Crisis in Ukraine: Daily Briefing – 13 March 2014

Crisis in Ukraine: Daily Briefing

13 March 2014


1. Situation in Crimea

Troops of the Russian Federation continue to blockade Ukrainian armed forces bases and headquarters. The self-appointed head of the Council of Ministers of Crimea A. Aksyonov signed a resolution which “nationalizes” (brings under the control of the self-appointed pro-Russian ‘government’ in Crimea branches of Ukrainian banks and has banned the withdrawal of more than 300 HRY (a little more than $30 USD) from ATMs, in an attempt to stave off a run on banks in Crimea. There are several reports of extremely long lines at banks. There were public meetings in Yalta and Simferopol today in support of Ukrainian territorial integrity and against the scheduled ‘referendum’ and Russian occupation. There were violent clashes with pro-Russian “demonstrators” – most of whom were young men of athletic build – at the Yalta meeting.

2. Parliament forms National Guard; supports course for Euro-integration; appoints new Constitutional Court justices

Ukraine’s parliament established a National Guard of Ukraine today. 262 deputies voted for.  Among the functions of the National Guard will be guarding the border, taking part in anti-terrorist activities, and security functions. Together with the Armed Forces of Ukraine, the National Guard could take part in armed defense of Ukrainian territory. Parliament appointed new justices to the Constitutional court through secret ballot – the first ballot failed, but on the second ballot 4 new justices were appointed.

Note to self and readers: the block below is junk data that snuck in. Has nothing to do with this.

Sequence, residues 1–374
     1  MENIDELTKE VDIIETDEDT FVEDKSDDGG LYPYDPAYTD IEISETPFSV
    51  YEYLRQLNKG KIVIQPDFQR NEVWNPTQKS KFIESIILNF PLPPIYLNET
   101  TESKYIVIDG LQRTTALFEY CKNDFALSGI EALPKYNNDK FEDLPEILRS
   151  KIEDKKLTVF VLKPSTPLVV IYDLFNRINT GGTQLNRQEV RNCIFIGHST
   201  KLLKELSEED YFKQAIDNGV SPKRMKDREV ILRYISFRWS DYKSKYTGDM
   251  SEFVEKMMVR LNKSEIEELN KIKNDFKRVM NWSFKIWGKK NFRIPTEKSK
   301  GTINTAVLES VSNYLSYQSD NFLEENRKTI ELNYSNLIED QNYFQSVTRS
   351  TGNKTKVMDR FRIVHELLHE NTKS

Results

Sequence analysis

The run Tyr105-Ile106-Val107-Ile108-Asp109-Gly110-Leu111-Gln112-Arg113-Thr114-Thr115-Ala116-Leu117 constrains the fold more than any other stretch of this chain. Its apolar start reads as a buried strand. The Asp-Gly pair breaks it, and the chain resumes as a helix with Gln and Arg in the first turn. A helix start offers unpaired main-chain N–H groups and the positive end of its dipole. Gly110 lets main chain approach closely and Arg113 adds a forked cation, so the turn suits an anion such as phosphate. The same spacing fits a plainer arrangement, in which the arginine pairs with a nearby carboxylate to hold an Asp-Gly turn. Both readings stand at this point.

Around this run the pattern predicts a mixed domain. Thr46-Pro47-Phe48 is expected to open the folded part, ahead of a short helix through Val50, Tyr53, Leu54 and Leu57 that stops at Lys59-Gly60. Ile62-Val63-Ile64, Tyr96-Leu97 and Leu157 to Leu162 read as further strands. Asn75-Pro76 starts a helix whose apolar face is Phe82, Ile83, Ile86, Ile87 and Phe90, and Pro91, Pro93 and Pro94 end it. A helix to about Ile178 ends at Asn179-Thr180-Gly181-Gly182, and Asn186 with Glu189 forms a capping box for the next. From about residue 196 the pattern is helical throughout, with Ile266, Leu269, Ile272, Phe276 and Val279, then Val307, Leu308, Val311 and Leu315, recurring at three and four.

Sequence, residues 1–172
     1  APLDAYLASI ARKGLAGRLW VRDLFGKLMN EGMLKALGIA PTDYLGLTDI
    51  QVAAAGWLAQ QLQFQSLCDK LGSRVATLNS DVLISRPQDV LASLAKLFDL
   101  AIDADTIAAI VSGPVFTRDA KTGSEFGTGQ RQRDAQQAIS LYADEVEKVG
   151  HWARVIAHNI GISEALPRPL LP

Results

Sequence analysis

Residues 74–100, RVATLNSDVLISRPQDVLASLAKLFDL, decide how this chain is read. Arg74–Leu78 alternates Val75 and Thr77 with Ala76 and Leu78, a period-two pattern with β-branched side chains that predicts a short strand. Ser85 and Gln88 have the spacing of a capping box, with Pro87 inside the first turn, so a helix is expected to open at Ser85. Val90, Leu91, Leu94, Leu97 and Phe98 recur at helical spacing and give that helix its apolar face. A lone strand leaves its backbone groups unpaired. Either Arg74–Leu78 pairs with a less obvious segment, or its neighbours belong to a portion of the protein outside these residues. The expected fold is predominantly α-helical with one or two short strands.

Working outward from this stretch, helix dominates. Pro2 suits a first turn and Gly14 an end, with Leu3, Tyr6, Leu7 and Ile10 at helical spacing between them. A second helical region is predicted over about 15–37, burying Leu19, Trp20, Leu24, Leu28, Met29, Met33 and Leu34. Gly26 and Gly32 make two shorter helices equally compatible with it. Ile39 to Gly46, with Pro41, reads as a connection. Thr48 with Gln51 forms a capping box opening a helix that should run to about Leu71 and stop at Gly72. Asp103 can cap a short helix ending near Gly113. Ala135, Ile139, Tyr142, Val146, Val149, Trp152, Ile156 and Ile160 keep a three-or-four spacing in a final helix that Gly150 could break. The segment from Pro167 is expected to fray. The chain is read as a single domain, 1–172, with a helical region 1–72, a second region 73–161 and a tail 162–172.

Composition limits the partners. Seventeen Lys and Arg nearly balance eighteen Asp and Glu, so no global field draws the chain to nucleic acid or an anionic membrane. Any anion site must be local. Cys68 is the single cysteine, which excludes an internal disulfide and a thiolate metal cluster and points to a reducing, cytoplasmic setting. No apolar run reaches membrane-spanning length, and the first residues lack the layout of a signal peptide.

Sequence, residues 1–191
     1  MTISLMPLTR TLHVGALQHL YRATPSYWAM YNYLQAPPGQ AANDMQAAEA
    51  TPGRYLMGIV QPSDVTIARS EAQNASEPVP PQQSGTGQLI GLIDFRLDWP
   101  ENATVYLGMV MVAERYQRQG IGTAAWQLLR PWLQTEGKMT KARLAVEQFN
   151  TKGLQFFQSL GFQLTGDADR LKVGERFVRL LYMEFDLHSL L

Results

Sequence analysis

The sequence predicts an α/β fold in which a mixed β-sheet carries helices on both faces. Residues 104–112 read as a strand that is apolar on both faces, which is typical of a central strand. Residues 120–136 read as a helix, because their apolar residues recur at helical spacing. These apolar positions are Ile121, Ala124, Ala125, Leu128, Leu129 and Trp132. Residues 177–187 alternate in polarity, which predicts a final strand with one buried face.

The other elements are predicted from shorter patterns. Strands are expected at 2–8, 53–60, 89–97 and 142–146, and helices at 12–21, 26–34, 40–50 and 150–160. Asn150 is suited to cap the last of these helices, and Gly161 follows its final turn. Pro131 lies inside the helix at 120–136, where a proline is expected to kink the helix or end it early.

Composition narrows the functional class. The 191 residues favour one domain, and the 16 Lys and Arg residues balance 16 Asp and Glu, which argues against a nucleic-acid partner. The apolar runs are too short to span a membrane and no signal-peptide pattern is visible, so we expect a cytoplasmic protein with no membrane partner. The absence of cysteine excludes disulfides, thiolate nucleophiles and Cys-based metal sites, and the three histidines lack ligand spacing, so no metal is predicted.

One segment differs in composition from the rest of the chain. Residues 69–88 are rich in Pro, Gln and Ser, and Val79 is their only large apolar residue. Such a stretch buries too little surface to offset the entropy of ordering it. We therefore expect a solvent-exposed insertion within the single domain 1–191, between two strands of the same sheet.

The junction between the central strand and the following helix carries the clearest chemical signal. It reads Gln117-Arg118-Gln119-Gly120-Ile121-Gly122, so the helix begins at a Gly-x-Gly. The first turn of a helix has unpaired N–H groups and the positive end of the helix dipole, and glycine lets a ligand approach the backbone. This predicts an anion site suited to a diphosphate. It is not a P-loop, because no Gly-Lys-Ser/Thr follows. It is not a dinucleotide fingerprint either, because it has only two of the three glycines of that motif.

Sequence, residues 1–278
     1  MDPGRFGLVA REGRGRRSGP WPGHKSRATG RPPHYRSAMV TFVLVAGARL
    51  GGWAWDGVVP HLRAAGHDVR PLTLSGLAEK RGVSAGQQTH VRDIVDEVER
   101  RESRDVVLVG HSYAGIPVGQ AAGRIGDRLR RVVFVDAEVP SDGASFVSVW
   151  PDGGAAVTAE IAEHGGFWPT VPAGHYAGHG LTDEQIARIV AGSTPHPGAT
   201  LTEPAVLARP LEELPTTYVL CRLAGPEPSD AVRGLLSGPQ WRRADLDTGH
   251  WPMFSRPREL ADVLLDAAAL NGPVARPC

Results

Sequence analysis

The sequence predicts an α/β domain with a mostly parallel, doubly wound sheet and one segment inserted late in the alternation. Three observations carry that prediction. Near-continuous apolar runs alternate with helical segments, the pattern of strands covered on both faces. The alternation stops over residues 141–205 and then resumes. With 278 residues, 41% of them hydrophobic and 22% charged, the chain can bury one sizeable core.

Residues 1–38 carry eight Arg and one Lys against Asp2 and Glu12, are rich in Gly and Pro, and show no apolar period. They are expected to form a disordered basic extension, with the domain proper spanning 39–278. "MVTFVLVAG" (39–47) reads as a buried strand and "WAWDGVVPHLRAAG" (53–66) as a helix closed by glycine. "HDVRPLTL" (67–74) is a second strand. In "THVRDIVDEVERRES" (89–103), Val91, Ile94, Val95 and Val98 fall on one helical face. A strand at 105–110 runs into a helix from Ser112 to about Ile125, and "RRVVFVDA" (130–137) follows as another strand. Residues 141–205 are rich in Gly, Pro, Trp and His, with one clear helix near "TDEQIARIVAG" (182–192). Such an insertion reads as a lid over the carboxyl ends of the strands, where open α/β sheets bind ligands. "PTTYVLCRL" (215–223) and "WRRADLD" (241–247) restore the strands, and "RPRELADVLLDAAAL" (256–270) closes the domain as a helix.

3. Ukrainian PM and US President Meet

Ukraine’s PM A. Yatseniuk met with US President B. Obama yesterday. President Obama reiterated that the US supports the territorial integrity of Ukraine, and that if the Russian Federation “continues on the path it is on then not only U.S., but the international community – the European Union and others – will be forced to apply a cost to Russia’s violations of international law.” He reiterated that the Administration is asking Congress “to act promptly to deliver on an aid package” and that the US will continue to work with the IMF to develop a package to institute reforms. He also stated that “the interests of the United States are solely in making sure that the people of Ukraine are able to determine their own destiny.” PM Yatseniuk stated that Ukraine is “absolutely ready and open for talks with the Russian Federation.” He also stated that “next week or in 10 days, Ukraine is to sign the political part of — association agreement with the European Union, and we want to be very clear that Ukraine is and will be a part of the Western world, and our Russian partners have to realize that we are ready to make a new type or craft a new type of our relationship where Ukraine is a part of the European Union, but Ukraine is a good friend and partner of Russia.” PM Yatseniuk will speak today at a meeting of the UN Security Council.

4. European Parliament Resolution on Ukraine

European Parliament today passed a resolution on the situation in Ukraine. The resolution condemned the Russian Federation’s “act of aggression in invading Crimea,” calls for the immediate withdrawal of all forces from Crimea, and states that Russia was in “clear breach” of international law. The EP also declared the “referendum” in Crimea “illegitimate and illegal.” The resolution also stated that in the event of Russian annexation of Crimea, the EU should “quickly impose and arms and dual-use technology embargo, restrictions on visas, an asset freeze and measure against Russian companies, particularly in the energy sector, in full compliance with EU law.” 

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